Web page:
|Let's find intrinsic fun in developing CoHo||<– Date –> <– Thread –>|
|From: Joani Blank (jeblankhooked.net)|
|Date: Wed, 18 Oct 1995 03:43:53 -0500|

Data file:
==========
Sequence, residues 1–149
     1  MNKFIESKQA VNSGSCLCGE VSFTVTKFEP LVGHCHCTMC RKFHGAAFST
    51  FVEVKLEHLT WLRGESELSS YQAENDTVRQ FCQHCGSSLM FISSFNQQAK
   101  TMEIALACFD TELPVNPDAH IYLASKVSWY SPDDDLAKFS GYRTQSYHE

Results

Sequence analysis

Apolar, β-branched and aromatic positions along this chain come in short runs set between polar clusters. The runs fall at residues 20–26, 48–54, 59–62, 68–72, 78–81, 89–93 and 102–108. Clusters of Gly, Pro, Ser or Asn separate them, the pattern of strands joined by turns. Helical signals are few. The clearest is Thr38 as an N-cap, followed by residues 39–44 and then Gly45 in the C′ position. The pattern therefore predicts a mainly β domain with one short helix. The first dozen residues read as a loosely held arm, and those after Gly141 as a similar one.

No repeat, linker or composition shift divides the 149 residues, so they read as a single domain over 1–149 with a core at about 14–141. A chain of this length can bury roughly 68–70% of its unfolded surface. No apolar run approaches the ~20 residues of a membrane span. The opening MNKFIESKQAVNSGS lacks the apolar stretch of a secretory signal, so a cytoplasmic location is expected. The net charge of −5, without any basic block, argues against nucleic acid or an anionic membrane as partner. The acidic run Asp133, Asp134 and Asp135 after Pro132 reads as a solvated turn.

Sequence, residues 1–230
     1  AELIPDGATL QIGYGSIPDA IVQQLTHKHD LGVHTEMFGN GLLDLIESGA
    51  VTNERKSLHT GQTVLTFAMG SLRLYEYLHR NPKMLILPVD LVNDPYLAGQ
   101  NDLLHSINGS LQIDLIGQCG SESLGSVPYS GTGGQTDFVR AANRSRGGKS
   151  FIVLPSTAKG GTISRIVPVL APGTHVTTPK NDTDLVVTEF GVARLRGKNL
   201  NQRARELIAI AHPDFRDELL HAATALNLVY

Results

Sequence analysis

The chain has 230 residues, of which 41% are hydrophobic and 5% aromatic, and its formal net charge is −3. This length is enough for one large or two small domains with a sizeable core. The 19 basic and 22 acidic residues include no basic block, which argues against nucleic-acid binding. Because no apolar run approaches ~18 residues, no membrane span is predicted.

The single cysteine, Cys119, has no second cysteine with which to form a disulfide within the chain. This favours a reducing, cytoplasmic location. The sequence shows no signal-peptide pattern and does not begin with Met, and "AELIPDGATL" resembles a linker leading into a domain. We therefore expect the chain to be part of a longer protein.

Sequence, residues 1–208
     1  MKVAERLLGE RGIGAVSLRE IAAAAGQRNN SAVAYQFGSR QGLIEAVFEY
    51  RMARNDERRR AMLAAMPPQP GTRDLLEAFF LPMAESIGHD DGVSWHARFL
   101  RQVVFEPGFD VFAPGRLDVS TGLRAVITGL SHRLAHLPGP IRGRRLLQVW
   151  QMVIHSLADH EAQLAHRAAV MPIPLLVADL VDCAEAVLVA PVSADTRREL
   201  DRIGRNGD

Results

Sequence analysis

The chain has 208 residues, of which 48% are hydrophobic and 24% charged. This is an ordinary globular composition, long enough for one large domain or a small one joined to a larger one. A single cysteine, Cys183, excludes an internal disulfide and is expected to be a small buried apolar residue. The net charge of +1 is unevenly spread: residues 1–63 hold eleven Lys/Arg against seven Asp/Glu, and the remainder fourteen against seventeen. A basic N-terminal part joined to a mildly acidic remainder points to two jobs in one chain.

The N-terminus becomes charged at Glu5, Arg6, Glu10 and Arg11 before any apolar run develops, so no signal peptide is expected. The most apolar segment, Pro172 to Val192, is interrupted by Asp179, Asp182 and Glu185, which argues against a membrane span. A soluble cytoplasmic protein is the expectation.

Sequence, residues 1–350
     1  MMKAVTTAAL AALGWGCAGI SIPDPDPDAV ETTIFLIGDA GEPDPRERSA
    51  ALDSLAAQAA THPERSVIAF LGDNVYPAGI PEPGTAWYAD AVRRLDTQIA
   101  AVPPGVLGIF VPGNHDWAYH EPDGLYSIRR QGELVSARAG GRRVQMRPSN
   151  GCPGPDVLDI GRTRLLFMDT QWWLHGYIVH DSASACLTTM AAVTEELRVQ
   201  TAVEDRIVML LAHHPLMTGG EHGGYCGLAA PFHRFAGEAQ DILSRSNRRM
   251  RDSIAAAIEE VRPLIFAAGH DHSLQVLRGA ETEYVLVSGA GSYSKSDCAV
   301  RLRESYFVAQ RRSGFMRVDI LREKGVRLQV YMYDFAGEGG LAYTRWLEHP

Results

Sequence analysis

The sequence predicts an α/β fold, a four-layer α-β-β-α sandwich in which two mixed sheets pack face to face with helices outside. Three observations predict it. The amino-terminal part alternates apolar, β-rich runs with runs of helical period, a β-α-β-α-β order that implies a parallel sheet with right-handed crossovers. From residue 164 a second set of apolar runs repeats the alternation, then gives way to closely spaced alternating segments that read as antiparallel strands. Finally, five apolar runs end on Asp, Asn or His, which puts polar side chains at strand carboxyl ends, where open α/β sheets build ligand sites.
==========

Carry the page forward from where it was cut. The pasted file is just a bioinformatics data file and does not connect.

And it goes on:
When we invite someone to join a core group, we are usually inviting them to invest a lot of time, energy and money in building a home in a community that will fill their need for community and provide many other improvements to their quality of life, but they don't get to have it for several--perhaps many--years. An analogy that occurred to me at the conference: Let us say that you and I and one other person all want to build a car for our private and mutual enjoyment. First we spend a lot of time discussing deciding on exactly what kind of car we want, and where it will be garaged once it is built. Then we scatter to buy materials. With the help of a professional car-builder, we go out and buy all the little and big pieces. We assemble them under the watchful eye of another professional. Just as we are getting going, someone loses the plans, then we have to consense about what to do next, so everything is delayed. Turns out no one wants to finance this questionable project so we run out of money. And we're not sure it will ever be legal to drive this odd machine on public road. When it is finally built, we get to work some more on our process about who gets to use it when. YIKES! You get my drift, I think. Up until now we have only marketed the final product, living in bliss in cohousing once it is built. Although we talk about how valuable (community-building) the getting-it-built process is, in the end, many cohousers end up, I fear, treating the development and building of their communities as "the price you have to pay to live here." Perod. We simply have to find a way (IMHO) to market cohousing that values the building process itself, making it fun--or at least mind-expanding or engaging--so that people will be attracted to being part of a community during the development and building EVEN IF by some chance, they were to end up not living there. Not that I know how to "position" cohousing that way--just that I believe if we can start thinking this way, some good ideas will appearl. Joani Blank
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